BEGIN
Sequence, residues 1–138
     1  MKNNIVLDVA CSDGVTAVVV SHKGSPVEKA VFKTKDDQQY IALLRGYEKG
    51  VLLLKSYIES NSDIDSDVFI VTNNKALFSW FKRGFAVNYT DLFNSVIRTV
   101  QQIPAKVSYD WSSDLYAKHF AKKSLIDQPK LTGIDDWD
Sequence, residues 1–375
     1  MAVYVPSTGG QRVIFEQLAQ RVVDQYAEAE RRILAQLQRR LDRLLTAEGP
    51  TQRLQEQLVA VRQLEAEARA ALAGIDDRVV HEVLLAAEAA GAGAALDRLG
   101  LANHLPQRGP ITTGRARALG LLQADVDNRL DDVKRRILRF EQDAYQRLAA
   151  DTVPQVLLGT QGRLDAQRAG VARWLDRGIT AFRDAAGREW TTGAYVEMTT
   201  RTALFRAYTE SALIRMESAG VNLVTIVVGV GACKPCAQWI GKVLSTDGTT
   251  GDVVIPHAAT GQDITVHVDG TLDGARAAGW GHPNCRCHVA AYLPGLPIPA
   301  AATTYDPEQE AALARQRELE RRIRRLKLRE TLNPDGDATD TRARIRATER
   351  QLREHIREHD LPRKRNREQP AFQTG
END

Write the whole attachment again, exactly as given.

Sequence, residues 1–138
     1  MKNNIVLDVA CSDGVTAVVV SHKGSPVEKA VFKTKDDQQY IALLRGYEKG
    51  VLLLKSYIES NSDIDSDVFI VTNNKALFSW FKRGFAVNYT DLFNSVIRTV
   101  QQIPAKVSYD WSSDLYAKHF AKKSLIDQPK LTGIDDWD
Sequence, residues 1–375
     1  MAVYVPSTGG QRVIFEQLAQ RVVDQYAEAE RRILAQLQRR LDRLLTAEGP
    51  TQRLQEQLVA VRQLEAEARA ALAGIDDRVV HEVLLAAEAA GAGAALDRLG
   101  LANHLPQRGP ITTGRARALG LLQADVDNRL DDVKRRILRF EQDAYQRLAA
   151  DTVPQVLLGT QGRLDAQRAG VARWLDRGIT AFRDAAGREW TTGAYVEMTT
   201  RTALFRAYTE SALIRMESAG VNLVTIVVGV GACKPCAQWI GKVLSTDGTT
   251  GDVVIPHAAT GQDITVHVDG TLDGARAAGW GHPNCRCHVA AYLPGLPIPA
   301  AATTYDPEQE AALARQRELE RRIRRLKLRE TLNPDGDATD TRARIRATER
   351  QLREHIREHD LPRKRNREQP AFQTG